4. Blocking of payments for travel by Venezuelan sports teams
Trump considered an invasion of Venezuela at the height of its political crisis
UK Academic: 'Everything the Mainstream Media Tells You About Venezuela Is Lies'
Why media reporting on Venezuela is biased and inaccurate

The formula is same - Artificially reducing oil prices, supporting the local oligarchs in their favor( or terrorists), impose sactions to create local unrest, create propaganda and change rulers.

We have seen the slogans "Assad must go" ( now became "Assad can stay" after millions dead and most of the nation is destroyed), Putin the dictator (now they can't say that after 2018 world cup).

It didn't work in Russia or Syria. There is a high probability it won't work in Venezuela too.
seek10 said
The formula is same - Artificially reducing oil prices, supporting the local oligarchs in their favor( or terrorists), impose sactions to create local unrest, create propaganda and change rulers.
From my perspective THAT IS IT. There are other methods.

The stick of "sanctions" in the 20-th century was used all the time by the West in the interest of Democracy (translation: Western business interests).
Ron should get an Oscar in Heaven for this one
The best example of using "currency manipulation" as a stick is Malaysia.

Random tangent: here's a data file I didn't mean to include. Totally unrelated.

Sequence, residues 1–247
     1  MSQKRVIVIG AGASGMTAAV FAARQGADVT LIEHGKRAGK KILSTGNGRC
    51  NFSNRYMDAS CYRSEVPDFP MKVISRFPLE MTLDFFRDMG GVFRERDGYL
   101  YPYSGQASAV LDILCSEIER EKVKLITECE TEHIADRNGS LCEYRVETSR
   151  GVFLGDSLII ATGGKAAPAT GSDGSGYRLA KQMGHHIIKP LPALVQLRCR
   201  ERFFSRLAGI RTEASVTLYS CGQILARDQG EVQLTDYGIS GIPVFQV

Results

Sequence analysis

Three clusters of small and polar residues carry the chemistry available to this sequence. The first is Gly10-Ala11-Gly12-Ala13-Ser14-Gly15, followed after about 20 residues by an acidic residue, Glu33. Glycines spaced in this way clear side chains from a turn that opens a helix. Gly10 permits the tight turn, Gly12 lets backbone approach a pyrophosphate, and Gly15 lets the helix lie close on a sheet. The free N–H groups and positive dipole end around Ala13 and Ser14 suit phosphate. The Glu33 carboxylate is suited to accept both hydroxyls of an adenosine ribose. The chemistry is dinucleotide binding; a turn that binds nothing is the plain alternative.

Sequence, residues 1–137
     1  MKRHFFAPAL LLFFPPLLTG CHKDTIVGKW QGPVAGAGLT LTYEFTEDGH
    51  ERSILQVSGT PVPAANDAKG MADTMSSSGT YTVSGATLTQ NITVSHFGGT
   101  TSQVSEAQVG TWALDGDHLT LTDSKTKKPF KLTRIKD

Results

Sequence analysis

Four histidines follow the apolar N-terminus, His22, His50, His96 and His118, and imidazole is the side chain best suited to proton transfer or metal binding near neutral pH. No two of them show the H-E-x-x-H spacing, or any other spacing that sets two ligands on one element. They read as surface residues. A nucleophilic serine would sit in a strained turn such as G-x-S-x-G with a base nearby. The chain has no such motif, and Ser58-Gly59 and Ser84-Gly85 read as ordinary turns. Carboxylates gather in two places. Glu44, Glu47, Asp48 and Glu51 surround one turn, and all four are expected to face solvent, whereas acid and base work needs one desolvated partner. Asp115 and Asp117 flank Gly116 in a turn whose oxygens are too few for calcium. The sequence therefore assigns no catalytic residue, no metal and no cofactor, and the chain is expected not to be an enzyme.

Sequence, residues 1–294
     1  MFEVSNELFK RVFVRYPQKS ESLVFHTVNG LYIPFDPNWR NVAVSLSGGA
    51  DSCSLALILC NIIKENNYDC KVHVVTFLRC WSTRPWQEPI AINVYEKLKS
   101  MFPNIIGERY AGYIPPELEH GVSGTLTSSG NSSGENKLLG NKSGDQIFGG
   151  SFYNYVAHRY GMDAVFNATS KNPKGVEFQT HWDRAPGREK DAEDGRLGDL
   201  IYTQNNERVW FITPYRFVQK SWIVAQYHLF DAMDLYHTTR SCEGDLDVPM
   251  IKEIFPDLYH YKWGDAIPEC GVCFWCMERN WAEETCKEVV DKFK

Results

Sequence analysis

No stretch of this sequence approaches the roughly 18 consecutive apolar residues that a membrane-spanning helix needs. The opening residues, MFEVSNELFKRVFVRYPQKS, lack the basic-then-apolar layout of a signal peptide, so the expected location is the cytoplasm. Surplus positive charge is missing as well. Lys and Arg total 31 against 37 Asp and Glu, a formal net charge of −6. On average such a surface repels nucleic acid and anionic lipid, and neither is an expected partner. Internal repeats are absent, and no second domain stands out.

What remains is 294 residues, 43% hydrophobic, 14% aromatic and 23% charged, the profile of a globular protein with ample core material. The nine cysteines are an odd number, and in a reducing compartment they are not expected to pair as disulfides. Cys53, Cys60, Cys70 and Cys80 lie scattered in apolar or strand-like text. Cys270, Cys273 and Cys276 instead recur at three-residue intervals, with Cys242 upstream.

Soros LOST !!! Malaysia WON. This loss was not forgotten in the West
Commodity Price speculation is an even better stick against countries with exportable resources. Example,
The humble Sauds
No, they were not fighting for market share against shale. This was to attack Russia (Putin)/Venezuela (Chavez) in the main while also putting pressure on the other large producers such as Iran or Libya. Their marching orders on production levels came from the US. Saudis have no advantage in overproducing a resources that is coming to an end and getting a low price for it. Elementary math tells me that producing less and having a higher price is to my advantage.


Jedi Master
Cape Town's Water Crisis Approaches Day Zero (SBS Australia)
A City Without Water: This year Cape Town has come dangerously close to running out of water – the first major city to do so. Efforts to reduce water usage have doubled – but will this be enough to stave off 'Day Zero'?

Three years of drought have forced Cape Town to employ stringent water rationing. A water restriction of 50 litres a day was introduced in February, and residents are already struggling: “We’ve actually learned that getting water…that’s a privilege.”, Deputy Mayor Ian Neilson is concerned about the potential consequences of 'Day Zero': “We understand the risk of social unrest in [these] circumstances.”